Set in WW2, this is a book where you can't help but love Vee and Noel, although at first you are not sure why. Noel's godmother Mattie, with whom he lives on the edge of Hampstead Heath, is that wonderful kind of guardian - loves Noel, loves life and loves being who she is. So when after her death and a short stay with distant family of Mattie Noel is evacuated to St Albans you'd think it was all for the best. In St Albans he is lodged with Vera Sedge, and as a child who hardly ever talks, she is confused as to how to deal with him. Vera has to perform the odd sexual favour for her landlord because her son is working for him (but not really pulling his weight) and the rent is due again. She makes hat trimmings just to bring in a bit of cash to help feed herself, Donald and her mother, mute after a fall. They live in a damp, dirty, half empty flat above the scrapyard where Donald works. But Donald has a secret. He is actually a self made man with a Gladstone bag full of cash on top of his wardrobe - he has a specialist line which he does every once in a while. And so, as Noel settles in to this odd little family group, he finds his voice, and takes some decisions. Some for himself, and some for Vee.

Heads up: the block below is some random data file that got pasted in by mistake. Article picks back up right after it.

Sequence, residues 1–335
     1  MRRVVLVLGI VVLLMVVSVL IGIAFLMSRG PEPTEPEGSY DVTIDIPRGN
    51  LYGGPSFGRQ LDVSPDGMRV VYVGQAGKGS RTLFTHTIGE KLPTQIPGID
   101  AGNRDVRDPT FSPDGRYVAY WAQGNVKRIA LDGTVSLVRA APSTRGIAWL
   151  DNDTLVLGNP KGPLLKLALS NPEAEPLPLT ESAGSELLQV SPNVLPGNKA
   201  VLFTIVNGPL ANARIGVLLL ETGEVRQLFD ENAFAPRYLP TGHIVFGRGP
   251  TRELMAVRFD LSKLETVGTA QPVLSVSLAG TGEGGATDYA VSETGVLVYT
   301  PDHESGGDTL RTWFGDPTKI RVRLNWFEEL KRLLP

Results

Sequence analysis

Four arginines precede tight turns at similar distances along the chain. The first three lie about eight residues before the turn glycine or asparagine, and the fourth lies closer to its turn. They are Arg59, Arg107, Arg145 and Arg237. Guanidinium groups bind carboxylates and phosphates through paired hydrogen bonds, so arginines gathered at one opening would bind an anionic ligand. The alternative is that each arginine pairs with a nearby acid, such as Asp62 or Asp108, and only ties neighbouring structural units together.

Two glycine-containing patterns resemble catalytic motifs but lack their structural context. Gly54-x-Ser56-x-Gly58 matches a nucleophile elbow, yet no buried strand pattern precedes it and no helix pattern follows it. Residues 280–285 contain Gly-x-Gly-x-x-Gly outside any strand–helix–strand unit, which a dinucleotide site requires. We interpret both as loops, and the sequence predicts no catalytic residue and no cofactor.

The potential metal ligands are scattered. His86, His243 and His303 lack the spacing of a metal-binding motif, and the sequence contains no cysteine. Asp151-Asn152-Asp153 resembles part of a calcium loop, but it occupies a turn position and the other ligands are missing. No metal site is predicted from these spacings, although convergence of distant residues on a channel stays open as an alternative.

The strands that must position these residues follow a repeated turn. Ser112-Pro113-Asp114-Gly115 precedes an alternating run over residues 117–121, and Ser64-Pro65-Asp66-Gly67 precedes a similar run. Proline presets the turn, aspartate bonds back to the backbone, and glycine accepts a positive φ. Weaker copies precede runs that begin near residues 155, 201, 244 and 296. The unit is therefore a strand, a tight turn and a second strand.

We do sometimes disremember wartime in this country. Perfectly described is the way petty crime was conducted amongst the bombed streets of London, and how those that knew turned a blind eye because that's just how it was. A nicely judged novel, for YAs and adults alike. Little bits of stuff float into your memory, like the peice of cold potato that Noel had to ask for whilst in a shelter during a bombing raid. Like the collection box scam that must have been operated all over the place. I liked the writing style, enjoyed the tale. Would make a decent TV drama, too, and no surprise there as Evans has worked in both radio and tv production.